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Psoriasis, The Causes & The Triggers

Added December 24, 2016, Under: Arthritis, Health, Inflammation, Skin Conditions

Hand writing Psoriasis with blue marker on transparent wipe board.

It is important for everyone to know that psoriasis is not contagious in any way. But why do people develop this skin condition?

While scientists continue to be baffled about exactly what causes psoriasis, they confirm that it is linked to a problem with your immune system – your body’s defence against germs.

If you have psoriasis, your immune system mistakenly attacks healthy skin cells, as if it were fighting an infection. Your body responds by making new skin cells every few days instead of the usual four weeks. Those new skin cells build up on your body’s surface and form a rash.

High on the known list of causes is genetics

  • A third of all sufferers will have a family history of psoriasis.
  • If one parent has the condition, the odds for a child to develop the condition is one in four.
  • If both parents have psoriasis, these chances increase to two out of their three children.

Other reasons why psoriasis occurs

  • Psorisias can be triggered by throat infections especially a streptococci infection.
  • Trauma or scratching can make the condition worse.
  • Certain drugs can bring on psoriasis for the first time or, if the condition is already present, aggravate it. These include blood pressure meds (beta-blockers); NSAIDS (nonsteroidal anti-inflammatory drugs) that are pain killers used to ease joint pain and swelling from psoriatic arthritis while also capable of triggering psoriasis flare-ups; and some mental health medications including Fluoxetine and Lithium.
  • As in many other conditions, stress can play a big part with psoriasis being adversely affected in a stressful situation.
  • While sunlight is often helpful for psoriasis sufferers, in up to twelve per cent of those with psoriasis they could find it becomes worse with too much sunshine – particularly if they are fair skinned.
  • Excessive consumption of alcohol is not a good idea for those with psoriasis – it should be kept to a minimum.
  • Smoking is of course extremely unhealthy for anyone but when psoriasis occurs on the hands and the feet, it can be adversely affected by smoking.
  • A 2013 study published in the Dermato-Endocrinology Journal has linked autoimmunity, and therefore psoriasis, with a vitamin D deficiency.

Social drawbacks and impact of psoriasis

Many people with a mild form of this condition will be able to manage their lives without too much discomfort and inconvenience.

But problems can arise in the following situations:

  • Where psoriasis appears on the face or the hands, it can be embarrassing for the person affected when dealing with others – even going as far as preventing them from doing their job.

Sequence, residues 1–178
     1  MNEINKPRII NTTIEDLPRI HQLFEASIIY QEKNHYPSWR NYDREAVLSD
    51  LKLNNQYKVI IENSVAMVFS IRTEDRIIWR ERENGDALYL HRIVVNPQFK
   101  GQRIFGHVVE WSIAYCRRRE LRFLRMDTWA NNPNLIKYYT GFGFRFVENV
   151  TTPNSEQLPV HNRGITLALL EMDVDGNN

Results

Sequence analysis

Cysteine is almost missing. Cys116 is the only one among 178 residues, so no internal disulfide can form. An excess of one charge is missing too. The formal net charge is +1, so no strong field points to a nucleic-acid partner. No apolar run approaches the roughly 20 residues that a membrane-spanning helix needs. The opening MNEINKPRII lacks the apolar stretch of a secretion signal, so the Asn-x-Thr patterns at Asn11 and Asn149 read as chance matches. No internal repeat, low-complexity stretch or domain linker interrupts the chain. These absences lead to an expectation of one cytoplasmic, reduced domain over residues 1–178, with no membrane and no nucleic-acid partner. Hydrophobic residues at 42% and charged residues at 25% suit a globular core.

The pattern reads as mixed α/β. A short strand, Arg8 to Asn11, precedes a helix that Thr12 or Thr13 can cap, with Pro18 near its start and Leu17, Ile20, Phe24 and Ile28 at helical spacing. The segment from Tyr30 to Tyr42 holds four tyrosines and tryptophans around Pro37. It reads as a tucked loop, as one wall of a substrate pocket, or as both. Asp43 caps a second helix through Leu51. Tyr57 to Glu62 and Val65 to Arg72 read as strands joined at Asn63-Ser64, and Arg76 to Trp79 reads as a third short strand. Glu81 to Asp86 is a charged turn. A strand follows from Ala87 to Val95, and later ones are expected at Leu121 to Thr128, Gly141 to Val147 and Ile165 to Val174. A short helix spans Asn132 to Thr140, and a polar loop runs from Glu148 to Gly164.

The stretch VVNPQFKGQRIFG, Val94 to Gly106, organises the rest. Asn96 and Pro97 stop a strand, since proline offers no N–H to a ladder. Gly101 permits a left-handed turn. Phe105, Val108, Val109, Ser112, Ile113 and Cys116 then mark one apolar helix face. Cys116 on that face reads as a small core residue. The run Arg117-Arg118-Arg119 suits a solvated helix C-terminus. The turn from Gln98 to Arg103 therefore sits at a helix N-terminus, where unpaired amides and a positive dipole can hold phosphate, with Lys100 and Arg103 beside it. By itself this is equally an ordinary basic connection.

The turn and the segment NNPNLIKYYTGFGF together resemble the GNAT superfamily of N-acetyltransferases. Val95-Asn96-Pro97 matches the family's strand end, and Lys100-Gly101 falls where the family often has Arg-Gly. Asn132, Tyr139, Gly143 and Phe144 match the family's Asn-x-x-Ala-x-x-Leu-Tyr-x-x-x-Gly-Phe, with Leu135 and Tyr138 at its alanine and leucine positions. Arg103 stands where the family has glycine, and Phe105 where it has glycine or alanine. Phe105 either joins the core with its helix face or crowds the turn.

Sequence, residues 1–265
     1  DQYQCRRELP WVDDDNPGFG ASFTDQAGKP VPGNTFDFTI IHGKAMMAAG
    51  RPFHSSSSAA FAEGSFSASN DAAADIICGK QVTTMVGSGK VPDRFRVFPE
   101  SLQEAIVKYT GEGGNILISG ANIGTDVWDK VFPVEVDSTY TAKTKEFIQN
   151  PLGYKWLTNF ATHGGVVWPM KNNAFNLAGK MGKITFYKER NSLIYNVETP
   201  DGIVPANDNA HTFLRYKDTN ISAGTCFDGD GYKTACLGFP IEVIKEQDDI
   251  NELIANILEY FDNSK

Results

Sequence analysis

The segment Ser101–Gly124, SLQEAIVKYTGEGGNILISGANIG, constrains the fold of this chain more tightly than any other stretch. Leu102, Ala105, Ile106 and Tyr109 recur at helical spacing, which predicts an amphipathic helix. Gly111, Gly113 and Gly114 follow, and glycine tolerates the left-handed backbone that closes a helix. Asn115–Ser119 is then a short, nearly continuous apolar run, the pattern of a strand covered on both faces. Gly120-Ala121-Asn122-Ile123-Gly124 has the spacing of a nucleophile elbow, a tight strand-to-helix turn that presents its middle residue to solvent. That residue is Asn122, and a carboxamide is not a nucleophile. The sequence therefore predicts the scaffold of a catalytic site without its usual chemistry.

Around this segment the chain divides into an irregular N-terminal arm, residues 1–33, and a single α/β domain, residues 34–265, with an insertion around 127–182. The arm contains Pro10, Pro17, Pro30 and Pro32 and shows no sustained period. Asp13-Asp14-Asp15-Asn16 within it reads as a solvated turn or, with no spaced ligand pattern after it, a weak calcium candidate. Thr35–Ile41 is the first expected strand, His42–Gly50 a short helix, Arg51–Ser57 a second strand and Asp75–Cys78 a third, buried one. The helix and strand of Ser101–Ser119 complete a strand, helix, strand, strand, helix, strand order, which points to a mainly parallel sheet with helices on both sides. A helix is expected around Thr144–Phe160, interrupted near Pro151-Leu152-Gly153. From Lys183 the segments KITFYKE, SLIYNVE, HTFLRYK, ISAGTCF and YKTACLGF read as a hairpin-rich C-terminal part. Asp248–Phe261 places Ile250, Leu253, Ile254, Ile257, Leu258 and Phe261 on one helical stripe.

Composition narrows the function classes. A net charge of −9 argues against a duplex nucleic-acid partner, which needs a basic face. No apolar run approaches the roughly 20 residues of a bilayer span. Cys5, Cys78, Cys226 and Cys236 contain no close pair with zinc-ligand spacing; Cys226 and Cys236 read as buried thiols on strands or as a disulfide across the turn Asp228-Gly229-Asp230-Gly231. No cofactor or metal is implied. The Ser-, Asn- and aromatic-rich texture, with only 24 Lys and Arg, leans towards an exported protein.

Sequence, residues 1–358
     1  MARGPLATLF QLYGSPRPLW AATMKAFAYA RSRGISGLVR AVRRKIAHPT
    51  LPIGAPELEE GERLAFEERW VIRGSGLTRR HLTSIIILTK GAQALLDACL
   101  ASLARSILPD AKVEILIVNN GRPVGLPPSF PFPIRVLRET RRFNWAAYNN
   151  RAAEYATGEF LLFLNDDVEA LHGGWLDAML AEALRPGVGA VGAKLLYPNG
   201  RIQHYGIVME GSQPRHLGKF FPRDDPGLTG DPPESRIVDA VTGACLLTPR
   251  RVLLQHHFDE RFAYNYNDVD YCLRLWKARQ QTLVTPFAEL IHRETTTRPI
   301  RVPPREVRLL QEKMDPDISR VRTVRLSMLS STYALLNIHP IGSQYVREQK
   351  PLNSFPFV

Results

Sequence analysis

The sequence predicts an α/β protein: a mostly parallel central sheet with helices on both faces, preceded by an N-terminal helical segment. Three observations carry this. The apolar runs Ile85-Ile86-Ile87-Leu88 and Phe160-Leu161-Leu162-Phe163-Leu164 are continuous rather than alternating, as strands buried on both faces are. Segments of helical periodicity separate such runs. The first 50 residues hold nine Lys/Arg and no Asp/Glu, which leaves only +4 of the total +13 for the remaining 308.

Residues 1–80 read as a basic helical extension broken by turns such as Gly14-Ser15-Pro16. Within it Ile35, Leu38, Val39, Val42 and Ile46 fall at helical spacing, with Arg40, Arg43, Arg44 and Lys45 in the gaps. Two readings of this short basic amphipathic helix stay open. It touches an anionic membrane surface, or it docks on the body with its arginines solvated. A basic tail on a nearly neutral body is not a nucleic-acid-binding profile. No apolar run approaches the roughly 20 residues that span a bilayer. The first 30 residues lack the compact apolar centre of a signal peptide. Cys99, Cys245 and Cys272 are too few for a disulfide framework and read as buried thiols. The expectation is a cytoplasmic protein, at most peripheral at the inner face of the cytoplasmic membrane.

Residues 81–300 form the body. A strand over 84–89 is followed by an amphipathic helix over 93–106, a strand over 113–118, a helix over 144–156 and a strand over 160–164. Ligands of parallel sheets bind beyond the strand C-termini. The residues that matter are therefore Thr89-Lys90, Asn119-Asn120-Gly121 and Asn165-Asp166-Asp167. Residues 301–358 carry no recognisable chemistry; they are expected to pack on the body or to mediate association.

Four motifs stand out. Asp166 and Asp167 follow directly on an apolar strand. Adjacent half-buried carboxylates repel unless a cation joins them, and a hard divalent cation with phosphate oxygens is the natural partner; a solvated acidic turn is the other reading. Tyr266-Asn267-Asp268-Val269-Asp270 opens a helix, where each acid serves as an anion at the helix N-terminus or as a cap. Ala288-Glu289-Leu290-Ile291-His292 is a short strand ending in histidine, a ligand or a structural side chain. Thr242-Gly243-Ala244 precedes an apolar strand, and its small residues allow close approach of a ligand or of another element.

• The level of itchiness can be very debilitating and uncomfortable, affecting the ability to sleep and the state of mind.
  • Many of those with psoriasis (up to thirty per cent) will go on to suffer from psoriatic arthritis too.

There are many different forms of psoriasis but the most common are plaque and guttate.  The condition can affect any part of the body but the most common areas are the elbows, knees, torso and scalp.

Psoriasis of the nails

Up to half of those with skin plaques will develop psoriasis of the nails too, making them look yellowish-red.

The nails may also crumble, become pitted or show grooved lines. Nearly everyone with psoriasis of the nails also has psoriasis somewhere on the skin.

We have shared previous information on psoriasis

Firstly, on the choice between drugs or natural remedies for treating the symptoms of psoriasis.

Secondly, how psoriasis is an inflammatory condition and…

Thirdly, the use of phototherapy as one way to treat psoriasis.

Lasers are a new twist on phototherapy. They send out highly focused beams of light. This lets doctors aim the treatment directly at the rash without affecting healthy skin.

Laser therapy may have fewer side effects and a smaller risk of skin cancer compared with traditional phototherapy.

Climatotherapy

For decades, people have claimed that visiting the Dead Sea in Israel is a powerful treatment for psoriasis. The sun and water (which is ten times saltier than the ocean) is widely believed to be a healing combination.  And scientific evidence suggests this form of climatotherapy works. In studies, eighty per cent to ninety per cent of people with psoriasis improved after visiting the Dead Sea.  Almost half saw their rash disappear for the next several months.

Sufferers can take comfort in the availability of natural and safe products to use for both psoriasis and psoriatic arthritis which can dramatically reduce the symptoms of the conditions and even control their outbreaks, making it unnecessary to resort to pharmaceutical medications and treatments.

 

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